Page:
Fans of groove boxes and drum machines were in for a treat at this year’s Winter NAMM, in the form of Arturia’s brand new Spark “beat production centre”. Continuing the software/hardware integration theme of their Analog Factory soft-synth/controller combinations, Spark comprises a generously equipped control surface with a bespoke piece of software that can be run either as a plug-in in your DAW, or in stand-alone mode.
No fewer than 34 rotary encoders, eight drum pads and a host of push buttons adorn the Spark controller’s surface. There’s also an X/Y pad for controlling effects, an LCD screen that displays parameters, and a large jog-dial for selecting sounds and stepping through patterns.
The Spark software, meanwhile, mimics the look of the hardware, and it is here that the sound generation and sequencing occurs. An impressive 480 instruments and 30 drum kits are supplied with Spark, and these include analogue-modelled drums (808- and 909-style kits, Simmons- and LinnDrum-inspired sounds, and so on), multi-sampled acoustic kits, physically modelled drum sounds, and a synthesis engine based on that of the Analog Experience. The extensive collection of supplied samples includes sounds from companies such as Sonic Reality, Ultimate Sound Bank, Ueberschall and Modern Beats — or you can import your own samples, set up envelopes, looping and velocity layers, and assign them to pads to create your own playable kits.
Along the top of both the controller and the main page of the software are 16 buttons for step sequencing. Up to 64 steps are available per sequence, and these can be input in real time, or punched into the software. You can also play drum sounds live and record your performance, using the eight velocity-sensitive pads. Above each of the pads are three knobs for tweaking each drum sound, and, again, you can tweak these in real time and record your actions. Sequences can be edited in greater depth via the software, which allows you to set controller data (pan, cut-off, velocity and so on) on a per-step basis.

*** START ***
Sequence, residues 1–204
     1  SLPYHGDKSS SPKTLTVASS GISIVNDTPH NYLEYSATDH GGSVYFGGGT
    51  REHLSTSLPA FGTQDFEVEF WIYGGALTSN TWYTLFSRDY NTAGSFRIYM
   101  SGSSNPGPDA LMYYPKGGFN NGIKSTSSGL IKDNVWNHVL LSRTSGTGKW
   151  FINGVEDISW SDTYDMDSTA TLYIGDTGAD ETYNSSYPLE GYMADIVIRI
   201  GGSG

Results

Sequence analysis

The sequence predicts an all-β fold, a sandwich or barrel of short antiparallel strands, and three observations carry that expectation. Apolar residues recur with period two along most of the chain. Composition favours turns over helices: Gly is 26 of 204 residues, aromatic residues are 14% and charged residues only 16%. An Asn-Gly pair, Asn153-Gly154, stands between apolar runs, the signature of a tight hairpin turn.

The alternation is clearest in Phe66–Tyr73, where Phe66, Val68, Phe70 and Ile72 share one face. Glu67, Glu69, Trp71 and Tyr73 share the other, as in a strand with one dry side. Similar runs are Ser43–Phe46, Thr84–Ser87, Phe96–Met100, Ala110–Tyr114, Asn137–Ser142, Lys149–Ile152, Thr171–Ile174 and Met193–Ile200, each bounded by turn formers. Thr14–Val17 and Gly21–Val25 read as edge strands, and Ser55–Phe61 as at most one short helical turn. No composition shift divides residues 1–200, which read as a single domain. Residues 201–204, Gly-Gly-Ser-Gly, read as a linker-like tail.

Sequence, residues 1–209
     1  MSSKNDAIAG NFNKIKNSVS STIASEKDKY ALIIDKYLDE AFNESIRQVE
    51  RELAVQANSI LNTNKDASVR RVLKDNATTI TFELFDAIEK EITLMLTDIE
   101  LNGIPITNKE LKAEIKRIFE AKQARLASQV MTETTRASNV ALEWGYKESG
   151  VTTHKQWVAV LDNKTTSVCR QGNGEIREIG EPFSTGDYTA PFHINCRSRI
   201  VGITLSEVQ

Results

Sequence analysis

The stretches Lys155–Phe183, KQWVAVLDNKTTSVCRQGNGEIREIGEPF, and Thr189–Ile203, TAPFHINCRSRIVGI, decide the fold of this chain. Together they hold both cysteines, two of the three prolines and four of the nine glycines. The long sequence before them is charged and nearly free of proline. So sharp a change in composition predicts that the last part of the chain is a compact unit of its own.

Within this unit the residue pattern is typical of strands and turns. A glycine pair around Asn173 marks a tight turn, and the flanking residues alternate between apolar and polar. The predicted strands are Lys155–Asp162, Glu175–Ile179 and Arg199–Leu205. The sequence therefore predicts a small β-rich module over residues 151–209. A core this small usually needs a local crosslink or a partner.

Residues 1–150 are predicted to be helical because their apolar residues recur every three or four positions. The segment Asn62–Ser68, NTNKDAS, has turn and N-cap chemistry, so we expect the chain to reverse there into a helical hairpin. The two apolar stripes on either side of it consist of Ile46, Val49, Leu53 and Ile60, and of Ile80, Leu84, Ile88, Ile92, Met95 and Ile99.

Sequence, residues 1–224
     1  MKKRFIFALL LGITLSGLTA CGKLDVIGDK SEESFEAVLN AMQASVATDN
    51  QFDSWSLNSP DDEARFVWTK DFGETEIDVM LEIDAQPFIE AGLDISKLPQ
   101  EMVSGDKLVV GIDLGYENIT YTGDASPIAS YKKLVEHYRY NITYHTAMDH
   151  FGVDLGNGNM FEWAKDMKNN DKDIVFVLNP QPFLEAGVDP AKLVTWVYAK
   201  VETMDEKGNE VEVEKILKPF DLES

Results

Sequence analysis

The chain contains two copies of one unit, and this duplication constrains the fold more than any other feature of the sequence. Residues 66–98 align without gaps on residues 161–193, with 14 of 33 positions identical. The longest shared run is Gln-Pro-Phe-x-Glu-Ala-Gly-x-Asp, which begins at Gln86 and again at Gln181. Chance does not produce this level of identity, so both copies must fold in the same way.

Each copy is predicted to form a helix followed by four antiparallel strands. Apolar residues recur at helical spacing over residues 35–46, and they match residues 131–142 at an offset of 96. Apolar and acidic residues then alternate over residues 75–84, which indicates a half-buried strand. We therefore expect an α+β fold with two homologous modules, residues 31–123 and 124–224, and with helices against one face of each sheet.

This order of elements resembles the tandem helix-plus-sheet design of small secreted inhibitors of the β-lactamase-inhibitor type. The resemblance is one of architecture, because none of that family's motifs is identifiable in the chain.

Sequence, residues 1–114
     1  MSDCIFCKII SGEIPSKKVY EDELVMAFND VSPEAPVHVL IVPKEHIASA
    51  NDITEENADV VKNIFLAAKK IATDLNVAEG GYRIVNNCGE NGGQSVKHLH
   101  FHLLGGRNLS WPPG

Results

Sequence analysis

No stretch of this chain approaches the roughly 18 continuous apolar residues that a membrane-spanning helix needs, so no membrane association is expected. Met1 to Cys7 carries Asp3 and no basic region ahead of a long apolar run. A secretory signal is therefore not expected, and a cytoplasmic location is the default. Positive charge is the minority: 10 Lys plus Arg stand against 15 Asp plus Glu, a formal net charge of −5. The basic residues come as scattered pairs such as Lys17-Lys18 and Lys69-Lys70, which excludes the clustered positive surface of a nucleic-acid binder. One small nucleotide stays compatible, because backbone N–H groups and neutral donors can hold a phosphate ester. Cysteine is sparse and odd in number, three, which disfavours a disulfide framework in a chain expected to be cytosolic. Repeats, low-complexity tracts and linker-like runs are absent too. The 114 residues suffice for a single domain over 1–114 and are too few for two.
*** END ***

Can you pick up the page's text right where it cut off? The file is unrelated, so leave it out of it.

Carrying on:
The controller’s X/Y pad is accompanied by three buttons, labelled Filter, Slicer and Roller. With Filter mode selected, the pad’s two axes govern cut-off frequency and filter resonance. Slicer mode allows you to control a rhythmic, delay-like effect using the pad (where ‘slice’ duration and volume can be adjusted in real time), while Roller lets you play fast drum rolls accurately, much like the Note Repeat feature found on Akai’s MPC series samplers.
As you’d expect, the Spark hardware can also be used as a simple generic MIDI controller, with most of its knobs, pads and buttons outputting standard MIDI data. To do so, however, would be largely missing the point, and would negate the considerable benefits of using it with its dedicated piece of software. Such is the level of integration between the Spark software and controller, in fact, that during a lengthy demonstration at NAMM, the Arturia rep didn’t once need to resort to using the computer’s keyboard or mouse!
The release date was yet to be confirmed at the time of writing, unfortunately, but we do know its expected price — a highly reasonable €499. Videos of the Arturia Spark in action can be found at the Arturia web site.